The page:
After a few introductory words, Mira, the guide, wanted us to watch a 16-minute documentary on the history and customs of her community and its immigration to Israel. Very captivating film  as it included  interviews with people who were among the first settlers of Nevatim, in 1954.

Mira - her back to screen, face to visitors

The walls  at the entrance and in the movie room were covered with black&white pictures depicting snippets from the community's life in India. (It is important to mention that they've had good relations with their non-jewish neighbors there ; no hostility/persecution experience whatsoever). 

listening to lecture;  pictures with life snippets on the walls

more  Cochin life snippets on the wall

Merchants in Cochin, they became farmers in Nevatim - not an easy transition, that from trade to agriculture. Apparently, the shy and modest indian community underwent this transition quite well. They  also got this small tourist attraction enterprise  - the Heritage Center which includes the museum and the synagogue.

Next  - open rooms with  a rich variety of encased exhibits from daily life in Cochin: clothing (daily and holiday),  jewelery items, household ware, religious and cultural artifacts (light holders, holiday lamps, Torah case) etc.

wedding clothes


wedding rings

household ware


standing light holder

Hannukah lamp

Torah case

overview - room with lightholders and the Torah case

Sunday, January 28, 2018

Camel Farm and Camel Milk Healing

Last week, I joined a day trip organized by one of the two  clubs for senior residents in my hometown. The trip included several attractions in the northern  part of the Negev (desert) area. : a camel farm, , the agricultural settlement "Nebatim" with its indian Cochin jewish community and exuisite synagogue, the remains of ancient nabatien "Mamshit" town , and the black american-liberian Hebrew community in Dimona city.

Our first stop was at the camel farm near the bedouin village Tarabin. The sole objective of this farm is the production of camel milk. It is believed (on the basis of long, thorough research) that the composition of this milk is closest to that of human mother milk, hence its miraculous properties. It can combat almost any known health issue and inflammation.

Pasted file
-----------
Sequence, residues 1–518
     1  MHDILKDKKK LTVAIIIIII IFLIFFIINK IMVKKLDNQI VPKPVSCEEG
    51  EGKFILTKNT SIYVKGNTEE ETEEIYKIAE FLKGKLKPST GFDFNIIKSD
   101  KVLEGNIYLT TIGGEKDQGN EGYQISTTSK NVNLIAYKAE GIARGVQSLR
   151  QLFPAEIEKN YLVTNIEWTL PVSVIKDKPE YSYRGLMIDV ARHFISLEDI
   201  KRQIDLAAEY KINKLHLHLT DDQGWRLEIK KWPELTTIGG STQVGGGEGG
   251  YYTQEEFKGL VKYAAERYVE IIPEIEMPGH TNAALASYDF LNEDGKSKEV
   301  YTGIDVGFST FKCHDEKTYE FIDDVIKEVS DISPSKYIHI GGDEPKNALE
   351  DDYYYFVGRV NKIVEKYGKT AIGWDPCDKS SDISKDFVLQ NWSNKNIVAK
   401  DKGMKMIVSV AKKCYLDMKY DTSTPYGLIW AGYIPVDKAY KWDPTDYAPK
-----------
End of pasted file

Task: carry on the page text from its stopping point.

The camel Abraham  at the entrance to the farm

round water well near the camel

too scared to go closer to the camel

We were greeted by the manager and chemist Eyal who showed us around ( bedouin tents, camel pens, neat toilets ),  gave us a lecture on the farm and its product- camel milk , and finally demonstrated the act of feeding the camels in the pens.

chairs and tables for a bite and a drink

several tents like this one with chairs  for visitors attending lectures

toilets; a round pool of water nearby

Upon arrival, three bedouin workers offered us tiny cups of traditional black coffee/tea, prepared on three pots on a stove behind them. On their left  - the products' selling tent: food and cosmetics.

bedouin workers offering coffee/tea to visitors; see the pots

food section: among other food items, desserts for 15 shekel each:
 malabi(milk pudding), kadaif (turkish dessert),milk jam, cheese cake

fridge with cold drinks

cosmetics section

A young bedouin woman was standing by a stove,making thin pita bread by stretching the dough on the dome of the stove; then filled it with 'labaneh' (low fat, sour, youghurt-based spread ) to which she added olive oil and za'ater (safron spice mix); turned it into a roll,  and sold it to the visitors for 15 shekel (about $4) each. Very tasty, healthy snack. The druze and bedouin women are experts in making this kind of snack.

Bedouin woman in action- making the pita for the roll

Never heard of the  cosmetic line 'Desert Healer' before. That's because it is not sold in shops or advertised in the media. It's mainly exported, sold on the farm , or ordered by phone/online by those who know about it. The lotions, creams and soaps are made of camel milk, and approved by the Ministry of Health.

women  visitors buying cosmetics

Eyal and assistant counting the money

At the end of the lecture , the bedouin woman spread some cream, with a stick, on every visitor's hand to give each the opportunity to test its effect on the skin.

end of Eyal's lecture; the bedouin woman with a jar of cream 

There were some 20 female camels in the pens. There usually are more, and 'serviced'  by one single male camel , during breeding time. After milking the camels, the milk is bottled and packaged for delivery to customers.

sending a kiss to the 'surprised looking' camel

Eyal with the food (grains) for the camels

Eyal watching a visitor feeding the camels

All in all, a very enjoyable visit!

*The farm management has got a website: www.camels-milk.com and also phone numbers for consultation with the research team.